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Stretch of Teesta turns grave for fish trove

Poisoning suspected, Jalpaiguri DM orders probe

OUR CORRESPONDENT   |   Jalpaiguri   |   Published 17.01.18, 12:00 AM

People check the Teesta water for dead fish (top); (above) a boy holds the varieties on Tuesday. Pictures by Biplab Basak

Jalpaiguri: Hundreds of dead fish have been seen floating in a stretch of the Teesta in Jalpaiguri over the past two days.

A probe has been ordered amid suspicion that the water in the Mondalghat area along a 2km stretch of the river might have been poisoned.

As The Telegraph visited the spot, around 12km from Jalpaiguri town, on Tuesday, it was found that fish like "baim" (tire track eel), "taki" (spotted snakehead), "boal" (Wallago), "boroli" (Barred baril), "bata" (Bata) and some other species were either floating on the river's surface or had washed up on the bank.

A section of locals were seen collecting the fish. "We have seen the dead fish since Monday morning and even on Tuesday. Some people here have collected around 45 to 50 kg of fish. We have no idea how it happened," said Mintu Das, a fisherman residing at Gomostapara in Mondalghat, located close to the river.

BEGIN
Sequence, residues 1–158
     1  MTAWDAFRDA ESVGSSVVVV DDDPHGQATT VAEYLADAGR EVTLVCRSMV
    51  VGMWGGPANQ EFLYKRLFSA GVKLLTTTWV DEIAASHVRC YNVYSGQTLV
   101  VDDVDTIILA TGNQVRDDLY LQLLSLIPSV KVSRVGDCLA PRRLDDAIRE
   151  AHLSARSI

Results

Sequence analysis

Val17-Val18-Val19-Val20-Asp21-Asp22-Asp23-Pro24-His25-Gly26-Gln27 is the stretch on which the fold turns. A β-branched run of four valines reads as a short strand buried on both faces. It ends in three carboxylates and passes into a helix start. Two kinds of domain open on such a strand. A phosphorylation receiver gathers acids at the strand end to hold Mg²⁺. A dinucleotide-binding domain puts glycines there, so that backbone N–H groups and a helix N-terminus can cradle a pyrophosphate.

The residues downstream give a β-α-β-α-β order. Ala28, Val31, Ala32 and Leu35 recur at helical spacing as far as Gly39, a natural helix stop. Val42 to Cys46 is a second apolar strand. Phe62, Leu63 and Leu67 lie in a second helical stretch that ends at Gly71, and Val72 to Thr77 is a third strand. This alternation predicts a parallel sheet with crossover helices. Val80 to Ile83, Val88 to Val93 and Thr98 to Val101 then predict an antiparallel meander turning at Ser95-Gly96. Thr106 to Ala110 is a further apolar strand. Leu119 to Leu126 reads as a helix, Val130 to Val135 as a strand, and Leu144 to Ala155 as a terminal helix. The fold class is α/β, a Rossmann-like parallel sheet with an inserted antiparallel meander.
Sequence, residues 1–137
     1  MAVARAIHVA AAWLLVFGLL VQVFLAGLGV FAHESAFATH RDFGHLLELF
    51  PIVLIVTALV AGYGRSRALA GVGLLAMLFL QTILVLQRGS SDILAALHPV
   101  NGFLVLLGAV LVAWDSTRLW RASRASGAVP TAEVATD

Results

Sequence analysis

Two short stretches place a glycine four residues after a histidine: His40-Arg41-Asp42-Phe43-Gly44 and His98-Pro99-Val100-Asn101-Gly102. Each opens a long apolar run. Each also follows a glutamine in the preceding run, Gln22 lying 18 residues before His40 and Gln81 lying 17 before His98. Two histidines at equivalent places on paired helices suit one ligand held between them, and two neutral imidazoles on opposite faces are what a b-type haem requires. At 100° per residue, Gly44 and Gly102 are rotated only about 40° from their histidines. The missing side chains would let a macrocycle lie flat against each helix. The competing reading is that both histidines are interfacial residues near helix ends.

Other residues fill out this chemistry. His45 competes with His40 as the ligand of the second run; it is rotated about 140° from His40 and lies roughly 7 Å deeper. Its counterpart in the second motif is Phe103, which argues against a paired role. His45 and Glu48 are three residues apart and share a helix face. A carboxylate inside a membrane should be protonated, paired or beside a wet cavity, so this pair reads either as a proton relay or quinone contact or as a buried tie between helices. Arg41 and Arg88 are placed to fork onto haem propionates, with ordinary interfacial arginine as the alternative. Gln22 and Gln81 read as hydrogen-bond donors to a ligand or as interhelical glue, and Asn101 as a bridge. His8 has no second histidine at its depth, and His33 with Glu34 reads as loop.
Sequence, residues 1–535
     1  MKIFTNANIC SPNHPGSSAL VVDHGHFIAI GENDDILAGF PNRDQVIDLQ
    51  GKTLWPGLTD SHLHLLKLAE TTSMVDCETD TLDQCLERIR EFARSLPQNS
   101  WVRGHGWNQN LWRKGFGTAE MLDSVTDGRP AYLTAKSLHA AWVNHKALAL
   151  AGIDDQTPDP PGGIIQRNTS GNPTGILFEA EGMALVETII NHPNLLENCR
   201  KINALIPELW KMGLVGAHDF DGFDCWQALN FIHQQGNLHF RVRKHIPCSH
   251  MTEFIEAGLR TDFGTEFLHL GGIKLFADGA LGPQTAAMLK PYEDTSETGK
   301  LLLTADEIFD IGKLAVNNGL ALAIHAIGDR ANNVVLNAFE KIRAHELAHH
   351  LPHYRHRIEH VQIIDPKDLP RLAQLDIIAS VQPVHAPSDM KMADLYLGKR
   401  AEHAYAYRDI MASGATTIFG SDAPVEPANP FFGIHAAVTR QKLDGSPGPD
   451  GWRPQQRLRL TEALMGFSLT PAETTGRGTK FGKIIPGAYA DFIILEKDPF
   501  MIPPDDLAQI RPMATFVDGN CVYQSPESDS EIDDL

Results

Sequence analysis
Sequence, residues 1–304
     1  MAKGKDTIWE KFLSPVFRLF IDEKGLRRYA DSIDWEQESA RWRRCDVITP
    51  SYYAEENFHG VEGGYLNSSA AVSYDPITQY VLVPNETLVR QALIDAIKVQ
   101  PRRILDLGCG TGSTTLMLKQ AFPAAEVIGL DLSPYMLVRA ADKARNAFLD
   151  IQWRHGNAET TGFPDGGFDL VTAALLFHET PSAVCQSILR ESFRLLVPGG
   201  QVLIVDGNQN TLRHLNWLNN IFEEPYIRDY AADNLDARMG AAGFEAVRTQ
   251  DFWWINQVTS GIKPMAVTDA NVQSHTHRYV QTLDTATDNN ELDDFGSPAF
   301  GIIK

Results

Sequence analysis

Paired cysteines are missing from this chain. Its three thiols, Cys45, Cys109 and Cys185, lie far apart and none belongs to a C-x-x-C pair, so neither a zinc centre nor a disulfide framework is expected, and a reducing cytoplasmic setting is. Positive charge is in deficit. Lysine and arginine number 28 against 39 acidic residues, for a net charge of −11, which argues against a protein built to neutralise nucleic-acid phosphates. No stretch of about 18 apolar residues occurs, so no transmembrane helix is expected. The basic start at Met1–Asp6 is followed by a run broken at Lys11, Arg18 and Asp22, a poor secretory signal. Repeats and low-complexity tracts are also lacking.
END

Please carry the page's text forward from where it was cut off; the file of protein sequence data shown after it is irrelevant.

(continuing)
Das and some other fishermen however, did not collect the fish. "We suspect some people have put insecticides or other poison in the water, which has left the fish dead. Common fishermen like us will be without our livelihoods because of such acts," Jainul Haque, another fisherman, said, adding crabs too had floated up.

Ranjit Roy, a local resident, said some people had sold some of the dead fish. "The administration should see that those fish are not sold. It can lead to severe health hazards from poisoning."

Earlier, in 2011 and 2015, similar incidents had occurred in Karala, a rivulet flowing through Jalpaiguri town and merging at the Teesta. It was learnt that insecticides were put in the river water to catch fish. Also, poison was mixed in the water of Teesta on December 2012, which had left several fish dead.

"When the Karala water got polluted, additional water had to be brought in from Teesta to purify it. It also took several months to restore ecological balance of the river," a Jalpaiguri resident said.

As the news spread, officials of fisheries department reached the spot. They collected samples of dead fish and water.

"We will examine the samples to find out what has led to the (latest) incident. Our officers are also visiting the local markets to aware people and to see that such fish are not sold," Ashish Saha, the deputy director of fisheries here, said.

They however, are yet to assess the quantity of fish which have died due to suspected poisoning.

The district administration has started an inquiry. "We are conducting an inquiry to find out why the river water got polluted. Those responsible will be identified," said Rachna Bhagat, DM, Jalpaiguri.

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